Dogs Don’t Talk in Times New Roman, and Other News


On the Shelf

A screen grab from Microsoft Bob.


  • Prediction: Comic Sans MS is due for a comeback. Ostracized and maligned for decades, the world’s most controversial typeface is about to come in from the cold. Books will be printed in Comic Sans. Official memoranda will be typed in it. Highway signs will use it; fashion labels will use it; we will put it on the moon. Vincent Connare, a typographer for Microsoft in the nineties who designed Comic Sans, has begun to campaign for its rehabilitation. He maintains that the font is a perfect marriage of form and content, especially given Microsoft’s ambitions at the time: “One program was called Microsoft Bob, which was designed to make computers more accessible to children. I booted it up and out walked this cartoon dog, talking with a speech bubble in Times New Roman. Dogs don’t talk in Times New Roman! Conceptually, it made no sense … Type should do exactly what it’s intended to do. That’s why I’m proud of Comic Sans. It was for novice computer users and it succeeded with that market. People use it inappropriately: if they don’t understand how type works, it won’t have any power or meaning to them. I once heard a guy at a Rothko show say: ‘I could have done that.’ He clearly doesn’t know anything about art. He’ll probably use Comic Sans without realizing it’s wrong in certain circumstances.”
  • Oh, I forgot about baseball! Baseball uniforms will use Comic Sans. Bet your life on it. The MLB’s new commissioner, Rob Manfred, is pitching all sorts of wild ideas for the game. Why not a typeface change? After all, Jay Caspian Kang, looking into baseball’s past, reminds us that the game has seen plenty of upgrades since the nineteenth century, when warring New York and Massachusetts factions vied for primacy: “The Massachusetts game featured one-out innings and overhand pitching, and batters could be called out by being hit by a thrown ball while between bases. Typically, the first team to score 100 runs won. The New York game was a bit more genteel and pragmatic: Games were played to 21, not 100; pitchers had to throw underhand; no players had balls intentionally thrown at them; and games concluded before dark. The debates over which version was better centered on manliness, decorum and the pace of play. The Massachusetts crowd argued that it was manlier for outs to require some measure of physical pain, while the New Yorkers said that manliness could never be extricated from gentlemanly manners and that only savages ran around fields pegging balls at one another.”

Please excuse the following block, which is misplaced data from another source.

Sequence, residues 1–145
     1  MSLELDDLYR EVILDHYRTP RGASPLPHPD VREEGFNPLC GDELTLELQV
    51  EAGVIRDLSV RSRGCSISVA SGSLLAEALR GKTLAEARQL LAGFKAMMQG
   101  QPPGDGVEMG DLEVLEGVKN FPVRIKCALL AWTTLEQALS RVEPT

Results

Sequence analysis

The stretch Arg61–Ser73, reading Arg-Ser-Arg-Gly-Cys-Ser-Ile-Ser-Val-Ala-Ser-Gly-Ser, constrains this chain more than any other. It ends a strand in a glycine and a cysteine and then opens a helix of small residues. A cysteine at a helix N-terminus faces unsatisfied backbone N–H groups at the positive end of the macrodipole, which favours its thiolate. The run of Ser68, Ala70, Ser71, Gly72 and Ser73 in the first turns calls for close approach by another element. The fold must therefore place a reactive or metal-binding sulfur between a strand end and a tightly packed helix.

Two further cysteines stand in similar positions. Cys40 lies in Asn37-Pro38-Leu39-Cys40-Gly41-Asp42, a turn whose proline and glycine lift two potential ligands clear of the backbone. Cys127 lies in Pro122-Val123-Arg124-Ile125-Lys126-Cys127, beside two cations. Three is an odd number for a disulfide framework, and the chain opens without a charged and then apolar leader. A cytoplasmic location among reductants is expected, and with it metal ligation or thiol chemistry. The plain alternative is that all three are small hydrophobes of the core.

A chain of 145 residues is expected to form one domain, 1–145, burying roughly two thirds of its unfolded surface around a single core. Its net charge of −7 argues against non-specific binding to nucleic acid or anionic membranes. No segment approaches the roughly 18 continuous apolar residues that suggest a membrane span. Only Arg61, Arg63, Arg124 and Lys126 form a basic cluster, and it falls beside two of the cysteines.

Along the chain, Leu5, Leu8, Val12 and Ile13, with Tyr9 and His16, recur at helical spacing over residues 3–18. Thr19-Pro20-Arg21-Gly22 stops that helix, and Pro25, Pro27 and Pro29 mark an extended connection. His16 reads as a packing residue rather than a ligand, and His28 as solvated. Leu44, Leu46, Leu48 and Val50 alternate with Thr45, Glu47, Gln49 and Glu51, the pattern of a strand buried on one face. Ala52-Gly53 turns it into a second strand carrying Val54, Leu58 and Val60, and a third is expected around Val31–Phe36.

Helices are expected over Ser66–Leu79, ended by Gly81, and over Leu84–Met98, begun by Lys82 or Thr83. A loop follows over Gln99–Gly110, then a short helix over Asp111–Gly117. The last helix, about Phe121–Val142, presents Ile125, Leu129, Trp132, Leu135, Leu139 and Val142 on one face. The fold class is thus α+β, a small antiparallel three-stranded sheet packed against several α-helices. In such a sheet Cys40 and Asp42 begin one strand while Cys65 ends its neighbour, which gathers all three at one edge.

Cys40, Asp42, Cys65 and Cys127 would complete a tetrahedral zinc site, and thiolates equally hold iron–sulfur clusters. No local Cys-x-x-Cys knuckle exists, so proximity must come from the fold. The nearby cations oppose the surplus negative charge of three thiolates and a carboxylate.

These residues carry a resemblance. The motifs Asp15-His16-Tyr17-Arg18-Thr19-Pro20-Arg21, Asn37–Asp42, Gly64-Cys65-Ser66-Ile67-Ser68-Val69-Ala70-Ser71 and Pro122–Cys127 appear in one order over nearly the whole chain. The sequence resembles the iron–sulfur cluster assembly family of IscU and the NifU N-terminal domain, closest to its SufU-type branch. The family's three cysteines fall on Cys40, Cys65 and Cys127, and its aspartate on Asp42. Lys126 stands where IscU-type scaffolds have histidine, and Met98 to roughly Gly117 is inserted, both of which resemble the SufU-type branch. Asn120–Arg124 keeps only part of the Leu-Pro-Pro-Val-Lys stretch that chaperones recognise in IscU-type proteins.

• Evgenia Peretz profiles Nan Talese, one of the most prodigious editors in New York—and, next to her husband, an astonishingly self-effacing professional: “In an initial e-mail, she pooh-poohed the idea that she’d done anything noteworthy. ‘Doesn’t breaking the glass ceiling mean becoming president or CEO? I simply have my own imprint and I have been lucky to have authors follow me when I went to another publishing company. Best wishes, Nan’ … With no political point to make, no precedent or road map for a woman, Nan simply assumed the duties of editor. She brought in groovy poet Rod McKuen, who’d been selling books out of his car in California; he ended up accounting for 24 percent of Random House’s revenue for a few years. She found A. Alvarez’s daring The Savage God, an unlikely best-seller about suicide and art. The concept of maternity leave didn’t exist then. So in 1963, when she got pregnant for the first time, she didn’t tell anyone until it became obvious—not because she feared for her job, but because it was none of anyone’s business. She’d been working on copyright certificates up until labor and continued to do so from her hospital bed. Following Pamela’s birth, Nan immediately returned to work.”